Curbing the Violence

Curbing the Violence

Violence in the workplace continues to escalate; healthcare workers at risk

Let me let you in on a troubling, not-so-little secret: violence in the workplace is continuing to escalate in medical facilities, despite the fact that national assault rates have been dropping in recent years. In a statement by the International Council of Nurses, they noted that healthcare workers are more likely to be attacked at work than prison guards or police officers.

Why are people in these environments so vulnerable? And what can hospitals, emergency care units and mental health facilities do to better protect staff, patients and visitors?

What’s Triggering the Rise in Violence?

Formulating a strategy for addressing this problem begins with examining its root causes. Healthcare settings tend to be stressful environments for an array of reasons. Stress can trigger disruptive, and sometimes even violent, behavior. Just look at today’s headlines for examples of how stress has been affecting behavior on crowded airplanes.

What are some of the most common stressors in medical facilities?

  • Increased wait times in hospital emergency centers.
  • Behavioral patients admitted to emergency departments with little or no information, and no intake facility willing or able to take the patient.
  • Increased use of hospitals for treatment of acutely disturbed individuals in lieu of jail or holding at police departments.

Vulnerabilities stem from the open design of many medical facilities such as the unrestricted movement of visitors, spillover of gang activity from the streets or prevalence of firearms entering the building. Other issues stem from financial constraints and lack of staff training because of budgets cuts forcing leaner security staff, inconsistent adherence to security protocols and staff inability to recognize warning signs of potentially violent behavior.

Establishing a Multi-pronged Approach to Security

Decreasing workplace violence requires a dedicated effort on multiple fronts: people, procedures and technology.

People. From a people perspective, it starts with senior leadership accepting the fact that there’s always potential for violence in the workplace. So management must be willing to commit adequate funds to curb it. This includes actively promoting a workplace culture that values the importance of security.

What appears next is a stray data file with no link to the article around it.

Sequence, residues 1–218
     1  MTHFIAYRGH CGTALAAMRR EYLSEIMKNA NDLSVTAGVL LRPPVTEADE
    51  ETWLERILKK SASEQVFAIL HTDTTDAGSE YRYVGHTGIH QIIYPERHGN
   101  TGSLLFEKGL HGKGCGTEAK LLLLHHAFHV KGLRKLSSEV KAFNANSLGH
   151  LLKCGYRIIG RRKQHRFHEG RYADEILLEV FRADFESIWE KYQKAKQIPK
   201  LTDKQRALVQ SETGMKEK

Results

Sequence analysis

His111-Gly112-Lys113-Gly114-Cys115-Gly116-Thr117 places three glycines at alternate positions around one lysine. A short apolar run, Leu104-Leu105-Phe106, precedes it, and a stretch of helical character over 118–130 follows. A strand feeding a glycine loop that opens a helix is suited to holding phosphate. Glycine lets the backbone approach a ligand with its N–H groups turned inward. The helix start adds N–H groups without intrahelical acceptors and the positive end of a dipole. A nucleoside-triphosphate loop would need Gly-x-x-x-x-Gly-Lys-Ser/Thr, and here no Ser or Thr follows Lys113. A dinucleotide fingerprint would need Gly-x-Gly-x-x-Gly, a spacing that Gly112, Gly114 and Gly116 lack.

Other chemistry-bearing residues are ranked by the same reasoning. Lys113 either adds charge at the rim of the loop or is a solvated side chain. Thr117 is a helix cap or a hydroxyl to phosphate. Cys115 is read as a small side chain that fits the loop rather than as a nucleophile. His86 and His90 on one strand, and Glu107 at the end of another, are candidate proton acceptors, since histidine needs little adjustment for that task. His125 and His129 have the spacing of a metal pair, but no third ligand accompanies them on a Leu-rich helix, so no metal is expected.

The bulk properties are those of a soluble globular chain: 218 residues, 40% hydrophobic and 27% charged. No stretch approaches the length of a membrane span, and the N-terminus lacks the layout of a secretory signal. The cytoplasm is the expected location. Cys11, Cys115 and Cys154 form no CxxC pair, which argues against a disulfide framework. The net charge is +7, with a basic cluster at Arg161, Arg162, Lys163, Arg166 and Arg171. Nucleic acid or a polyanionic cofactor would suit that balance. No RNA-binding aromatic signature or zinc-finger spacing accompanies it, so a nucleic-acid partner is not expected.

Employee education is paramount. Everyone should be informed of the purpose of security measures and prevented from circumventing electronic security devices put in place for their protection.

Security staff should be empowered to enforce rules and regulations regarding workplace violence. They should also be responsible for maintaining close relationships with local law enforcement, relying on them for a rapid response if the situation warrants it. They should record any incidents of workplace violence and report them to the facility’s appropriate departments. Those reports should be tracked to determine if there are noticeable trends and what is being done to address them.

Human Resources should take all incidences of workplace violence seriously and deal with problems immediately—including removing staff if that is the issue. HR should also oversee after care follow-up for any individuals involved in an incident.

Procedure. It’s important for healthcare institutions to create policies, procedures and guidelines around workplace violence. Human Resources, risk management, security, senior leadership as well as frontline staff should all provide input to ensure that these programs address the actual safety and security risks of the facility. All policies should also include after-care follow-up for victims. While it would be impossible to create an exhaustive list of categories for workplace violence that a facility’s policies, procedures and guidelines should address, here are just a few examples.

Domestic violence. Include incidents that occur at staff or patients’ homes as well as at the healthcare facility. The policy should include notifying security and local police (if appropriate), Human Resources and risk management, and requesting a response. It’s important that all parties are notified and that information is shared rather than held by a single department.

In regards to incidents that might involve staff on staff, set ground rules to ensure everyone’s safety. Make it clear that violation of those rules by any staff member will lead to immediate termination.

Workplace violence. Encompass incidents occurring anywhere on hospital grounds whether perpetrated on staff, patients, visitors, or even service providers. Policies should outline the appropriate response to take and any consequences that will be levied for an incident whether it involves staff visitors, patients, or any member of the healthcare community.

Policies for workplace violence must also include after care follow up for any victims.